In a conversation I had a few years ago with a chap - I got to know him quite well - who was a driver for BP delivering from the ill-fated Buncefield depot in Hemel Hempstead, he quite clearly told me he had to add stuff to the contents of his tanker.

When it was put in (it could have been just before the tanker was filled) I don't know. Nor do I know if it was the same stuff that was added irrespective of the destination. Nor do I know where the stuff was kept - in/on the tanker or at the BP premises at the depot.

We do of course know that all fuel has some additives - it's not just "raw" petrol or "raw" diesel. The discussion is about what else is added to some fuels and whether it makes any difference.

Edited by FP on 08/04/2013 at 16:05

Diesel - Supermarket or Brand - BigJohnD

In a conversation I had a few years ago with a chap - I got to know him quite well - who was a driver for BP delivering from the ill-fated Buncefield depot in Hemel Hempstead, he quite clearly told me he had to add stuff to the contents of his tanker.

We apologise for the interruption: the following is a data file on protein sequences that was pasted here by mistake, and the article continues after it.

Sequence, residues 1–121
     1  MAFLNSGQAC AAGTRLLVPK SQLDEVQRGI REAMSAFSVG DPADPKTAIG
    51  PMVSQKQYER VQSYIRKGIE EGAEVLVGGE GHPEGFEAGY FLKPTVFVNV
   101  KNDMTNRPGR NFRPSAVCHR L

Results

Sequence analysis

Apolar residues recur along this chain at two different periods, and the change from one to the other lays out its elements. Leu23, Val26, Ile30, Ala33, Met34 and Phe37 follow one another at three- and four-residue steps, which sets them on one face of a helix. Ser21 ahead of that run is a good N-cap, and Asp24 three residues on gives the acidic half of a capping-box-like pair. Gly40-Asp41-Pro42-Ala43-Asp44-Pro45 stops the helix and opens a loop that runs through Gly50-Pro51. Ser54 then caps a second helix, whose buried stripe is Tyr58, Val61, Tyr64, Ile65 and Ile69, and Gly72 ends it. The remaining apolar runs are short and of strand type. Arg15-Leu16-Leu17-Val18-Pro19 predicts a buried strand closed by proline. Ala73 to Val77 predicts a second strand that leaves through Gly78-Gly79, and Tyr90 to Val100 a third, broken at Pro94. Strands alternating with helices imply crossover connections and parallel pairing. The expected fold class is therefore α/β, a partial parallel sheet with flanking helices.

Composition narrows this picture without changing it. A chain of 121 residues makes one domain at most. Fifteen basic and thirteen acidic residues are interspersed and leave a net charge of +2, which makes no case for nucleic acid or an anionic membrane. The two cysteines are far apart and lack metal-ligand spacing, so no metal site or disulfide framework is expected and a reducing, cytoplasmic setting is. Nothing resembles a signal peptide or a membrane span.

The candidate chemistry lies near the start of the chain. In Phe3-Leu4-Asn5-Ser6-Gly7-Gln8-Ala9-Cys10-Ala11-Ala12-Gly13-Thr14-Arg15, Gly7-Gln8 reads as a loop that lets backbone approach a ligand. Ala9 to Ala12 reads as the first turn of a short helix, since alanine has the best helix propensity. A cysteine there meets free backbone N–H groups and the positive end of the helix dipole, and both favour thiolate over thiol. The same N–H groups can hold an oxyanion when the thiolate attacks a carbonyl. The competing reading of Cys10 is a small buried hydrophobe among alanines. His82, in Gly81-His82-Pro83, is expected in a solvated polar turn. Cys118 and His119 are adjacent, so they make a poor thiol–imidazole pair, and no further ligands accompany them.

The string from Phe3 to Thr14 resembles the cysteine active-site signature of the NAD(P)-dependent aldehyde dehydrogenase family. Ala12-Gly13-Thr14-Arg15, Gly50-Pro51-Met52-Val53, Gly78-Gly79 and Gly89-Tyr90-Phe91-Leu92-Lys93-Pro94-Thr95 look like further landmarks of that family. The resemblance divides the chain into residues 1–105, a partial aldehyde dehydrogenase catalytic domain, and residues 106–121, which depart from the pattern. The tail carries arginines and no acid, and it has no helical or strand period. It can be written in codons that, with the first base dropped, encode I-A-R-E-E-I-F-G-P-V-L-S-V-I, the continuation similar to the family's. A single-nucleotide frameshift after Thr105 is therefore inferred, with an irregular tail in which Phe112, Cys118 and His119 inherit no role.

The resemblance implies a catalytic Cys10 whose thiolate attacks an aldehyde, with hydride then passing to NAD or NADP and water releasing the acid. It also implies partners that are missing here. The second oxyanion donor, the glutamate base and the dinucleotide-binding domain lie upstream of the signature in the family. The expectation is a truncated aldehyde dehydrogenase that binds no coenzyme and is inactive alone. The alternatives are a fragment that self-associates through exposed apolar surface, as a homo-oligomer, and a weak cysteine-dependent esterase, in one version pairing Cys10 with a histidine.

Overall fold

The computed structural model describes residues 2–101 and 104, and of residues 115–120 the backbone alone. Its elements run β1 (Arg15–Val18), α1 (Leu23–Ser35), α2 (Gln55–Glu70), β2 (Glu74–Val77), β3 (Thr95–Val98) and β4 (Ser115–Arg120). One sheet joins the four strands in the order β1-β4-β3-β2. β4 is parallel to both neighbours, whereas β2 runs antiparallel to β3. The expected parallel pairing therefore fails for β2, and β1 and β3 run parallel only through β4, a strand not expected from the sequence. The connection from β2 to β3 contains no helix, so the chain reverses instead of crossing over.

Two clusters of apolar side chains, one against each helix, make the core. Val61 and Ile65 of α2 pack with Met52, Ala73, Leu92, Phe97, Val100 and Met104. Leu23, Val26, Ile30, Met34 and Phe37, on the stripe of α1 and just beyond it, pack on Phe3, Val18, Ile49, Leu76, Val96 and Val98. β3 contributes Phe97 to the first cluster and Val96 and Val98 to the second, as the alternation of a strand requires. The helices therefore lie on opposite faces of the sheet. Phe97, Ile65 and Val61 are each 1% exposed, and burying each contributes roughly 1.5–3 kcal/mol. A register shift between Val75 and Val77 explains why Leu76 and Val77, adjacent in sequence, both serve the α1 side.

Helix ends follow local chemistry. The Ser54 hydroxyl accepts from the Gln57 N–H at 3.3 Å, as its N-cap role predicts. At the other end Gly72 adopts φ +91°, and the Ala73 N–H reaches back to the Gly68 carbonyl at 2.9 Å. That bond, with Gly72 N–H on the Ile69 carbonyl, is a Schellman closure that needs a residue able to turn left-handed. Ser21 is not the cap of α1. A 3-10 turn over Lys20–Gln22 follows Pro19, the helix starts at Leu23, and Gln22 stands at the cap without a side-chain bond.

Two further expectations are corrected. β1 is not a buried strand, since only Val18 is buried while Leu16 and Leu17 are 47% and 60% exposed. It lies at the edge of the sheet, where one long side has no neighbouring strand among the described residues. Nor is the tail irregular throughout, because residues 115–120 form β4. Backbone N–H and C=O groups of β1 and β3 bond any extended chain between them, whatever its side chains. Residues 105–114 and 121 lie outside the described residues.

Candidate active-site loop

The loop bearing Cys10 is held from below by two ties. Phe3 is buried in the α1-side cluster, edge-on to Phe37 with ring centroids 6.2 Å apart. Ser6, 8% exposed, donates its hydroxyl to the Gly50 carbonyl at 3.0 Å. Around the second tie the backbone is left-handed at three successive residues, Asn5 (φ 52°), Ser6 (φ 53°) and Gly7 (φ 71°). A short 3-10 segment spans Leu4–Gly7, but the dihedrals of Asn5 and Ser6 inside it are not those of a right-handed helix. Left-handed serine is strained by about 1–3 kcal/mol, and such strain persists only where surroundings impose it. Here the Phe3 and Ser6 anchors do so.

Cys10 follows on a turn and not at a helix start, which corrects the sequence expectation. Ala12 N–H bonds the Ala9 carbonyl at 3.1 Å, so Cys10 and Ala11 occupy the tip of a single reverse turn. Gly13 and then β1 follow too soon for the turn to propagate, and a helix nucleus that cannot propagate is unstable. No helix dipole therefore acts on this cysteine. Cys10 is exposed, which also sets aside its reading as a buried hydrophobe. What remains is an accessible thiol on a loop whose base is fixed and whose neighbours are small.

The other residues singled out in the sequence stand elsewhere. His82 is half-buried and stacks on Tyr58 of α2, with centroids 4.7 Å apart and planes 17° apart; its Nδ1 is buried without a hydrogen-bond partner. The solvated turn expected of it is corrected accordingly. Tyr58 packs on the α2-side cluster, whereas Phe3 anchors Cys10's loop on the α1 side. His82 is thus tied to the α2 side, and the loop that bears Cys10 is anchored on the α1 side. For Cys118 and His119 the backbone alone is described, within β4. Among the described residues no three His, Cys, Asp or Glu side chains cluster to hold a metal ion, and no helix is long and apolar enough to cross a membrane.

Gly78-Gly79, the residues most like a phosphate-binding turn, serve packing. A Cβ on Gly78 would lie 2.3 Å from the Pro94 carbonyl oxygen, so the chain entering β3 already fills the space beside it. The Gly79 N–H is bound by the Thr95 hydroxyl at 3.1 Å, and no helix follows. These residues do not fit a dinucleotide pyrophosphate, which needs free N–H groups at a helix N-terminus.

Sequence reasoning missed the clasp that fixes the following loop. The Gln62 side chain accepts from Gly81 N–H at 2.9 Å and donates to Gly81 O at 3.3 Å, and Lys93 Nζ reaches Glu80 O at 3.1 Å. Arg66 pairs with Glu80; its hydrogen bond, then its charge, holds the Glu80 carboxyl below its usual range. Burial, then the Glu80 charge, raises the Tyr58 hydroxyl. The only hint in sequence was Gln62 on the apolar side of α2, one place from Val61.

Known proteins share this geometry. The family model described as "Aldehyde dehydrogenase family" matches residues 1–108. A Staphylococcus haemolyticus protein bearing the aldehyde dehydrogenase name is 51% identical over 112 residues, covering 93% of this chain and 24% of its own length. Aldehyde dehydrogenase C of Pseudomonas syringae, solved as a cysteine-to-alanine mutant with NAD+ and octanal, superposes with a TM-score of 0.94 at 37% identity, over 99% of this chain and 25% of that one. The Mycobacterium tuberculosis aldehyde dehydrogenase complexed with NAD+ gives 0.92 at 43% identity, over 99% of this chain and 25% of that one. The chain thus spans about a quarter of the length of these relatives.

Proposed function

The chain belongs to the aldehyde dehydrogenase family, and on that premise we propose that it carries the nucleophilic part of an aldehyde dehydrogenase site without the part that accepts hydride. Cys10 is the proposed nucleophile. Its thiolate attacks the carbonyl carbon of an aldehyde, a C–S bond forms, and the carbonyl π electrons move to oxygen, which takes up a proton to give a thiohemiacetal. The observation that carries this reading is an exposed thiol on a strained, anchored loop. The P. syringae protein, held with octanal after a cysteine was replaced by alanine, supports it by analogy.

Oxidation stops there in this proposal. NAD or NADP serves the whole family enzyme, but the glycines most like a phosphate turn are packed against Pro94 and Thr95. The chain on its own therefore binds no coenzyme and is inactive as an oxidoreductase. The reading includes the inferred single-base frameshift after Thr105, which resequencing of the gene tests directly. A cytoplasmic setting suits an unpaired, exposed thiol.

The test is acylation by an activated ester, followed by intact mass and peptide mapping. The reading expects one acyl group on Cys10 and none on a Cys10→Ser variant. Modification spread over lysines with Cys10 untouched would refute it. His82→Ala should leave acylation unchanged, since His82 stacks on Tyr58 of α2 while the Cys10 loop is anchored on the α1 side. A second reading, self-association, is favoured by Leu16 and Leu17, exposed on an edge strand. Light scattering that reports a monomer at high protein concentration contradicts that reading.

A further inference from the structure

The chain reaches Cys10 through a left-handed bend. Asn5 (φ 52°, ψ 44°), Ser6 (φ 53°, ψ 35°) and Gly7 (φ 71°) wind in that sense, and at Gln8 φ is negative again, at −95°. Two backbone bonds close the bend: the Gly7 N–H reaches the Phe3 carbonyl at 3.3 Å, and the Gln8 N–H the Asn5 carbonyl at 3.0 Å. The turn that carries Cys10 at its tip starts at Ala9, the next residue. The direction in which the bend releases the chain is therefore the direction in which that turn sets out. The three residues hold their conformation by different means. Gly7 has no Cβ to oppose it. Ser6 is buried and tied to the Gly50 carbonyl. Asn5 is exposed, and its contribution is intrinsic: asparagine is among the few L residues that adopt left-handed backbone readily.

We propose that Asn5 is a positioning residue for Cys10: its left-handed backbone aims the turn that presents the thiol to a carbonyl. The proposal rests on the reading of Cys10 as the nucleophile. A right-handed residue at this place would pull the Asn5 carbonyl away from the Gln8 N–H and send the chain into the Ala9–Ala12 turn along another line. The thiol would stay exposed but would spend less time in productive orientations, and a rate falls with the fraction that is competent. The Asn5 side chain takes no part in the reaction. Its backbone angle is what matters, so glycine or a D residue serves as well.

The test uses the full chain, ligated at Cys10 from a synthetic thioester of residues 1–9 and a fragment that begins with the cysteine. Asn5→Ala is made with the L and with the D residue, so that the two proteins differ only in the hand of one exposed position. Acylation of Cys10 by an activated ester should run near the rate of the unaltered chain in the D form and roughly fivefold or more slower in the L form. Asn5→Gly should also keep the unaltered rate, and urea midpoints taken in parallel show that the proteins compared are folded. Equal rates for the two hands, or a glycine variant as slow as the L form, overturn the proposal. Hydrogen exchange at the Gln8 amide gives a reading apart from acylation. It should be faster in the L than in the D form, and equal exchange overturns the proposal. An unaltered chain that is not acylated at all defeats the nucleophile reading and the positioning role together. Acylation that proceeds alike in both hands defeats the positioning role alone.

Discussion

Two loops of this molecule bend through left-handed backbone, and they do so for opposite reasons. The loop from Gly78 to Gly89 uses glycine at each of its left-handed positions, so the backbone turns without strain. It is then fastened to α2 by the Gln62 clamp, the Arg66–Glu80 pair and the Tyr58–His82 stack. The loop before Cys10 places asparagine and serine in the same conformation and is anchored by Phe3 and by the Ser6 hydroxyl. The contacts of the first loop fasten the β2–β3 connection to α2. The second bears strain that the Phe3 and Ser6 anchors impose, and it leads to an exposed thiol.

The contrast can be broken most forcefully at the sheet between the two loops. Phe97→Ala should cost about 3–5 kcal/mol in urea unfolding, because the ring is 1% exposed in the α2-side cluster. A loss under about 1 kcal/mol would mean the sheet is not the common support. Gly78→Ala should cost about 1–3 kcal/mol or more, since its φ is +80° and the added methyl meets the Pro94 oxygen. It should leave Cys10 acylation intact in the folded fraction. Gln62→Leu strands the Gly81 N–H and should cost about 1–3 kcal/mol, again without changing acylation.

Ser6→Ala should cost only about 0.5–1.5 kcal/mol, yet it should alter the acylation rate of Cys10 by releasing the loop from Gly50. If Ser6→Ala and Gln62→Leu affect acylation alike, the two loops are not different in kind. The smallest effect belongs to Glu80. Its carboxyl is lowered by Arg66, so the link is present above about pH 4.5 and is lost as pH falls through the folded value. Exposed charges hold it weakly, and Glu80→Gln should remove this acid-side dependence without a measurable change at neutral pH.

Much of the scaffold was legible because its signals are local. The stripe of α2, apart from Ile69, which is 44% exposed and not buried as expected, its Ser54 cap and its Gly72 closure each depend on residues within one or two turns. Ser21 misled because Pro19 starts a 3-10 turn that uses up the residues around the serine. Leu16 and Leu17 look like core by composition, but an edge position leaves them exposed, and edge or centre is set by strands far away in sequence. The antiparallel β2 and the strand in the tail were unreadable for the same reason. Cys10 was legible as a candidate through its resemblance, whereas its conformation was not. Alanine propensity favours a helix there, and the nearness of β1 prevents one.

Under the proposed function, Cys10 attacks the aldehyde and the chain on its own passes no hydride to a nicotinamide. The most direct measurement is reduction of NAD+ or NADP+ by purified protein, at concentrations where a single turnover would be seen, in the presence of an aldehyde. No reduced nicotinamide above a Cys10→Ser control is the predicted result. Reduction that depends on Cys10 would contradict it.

I find that hard to believe.

I used to fill 30,000 litres tankers at the refinery.

Samples of everything that left in the tanker were stored and checked in the event of any complaint. There's no way anything would be added so casually by the driver on arrival at the filling station.

Diesel - Supermarket or Brand - FP

I can only tell it as I heard it.

"There's no way anything would be added so casually by the driver on arrival at the filling station." I didn't say that, and he didn't say that. For all I know, it was all done inside the depot.

Diesel - Supermarket or Brand - skidpan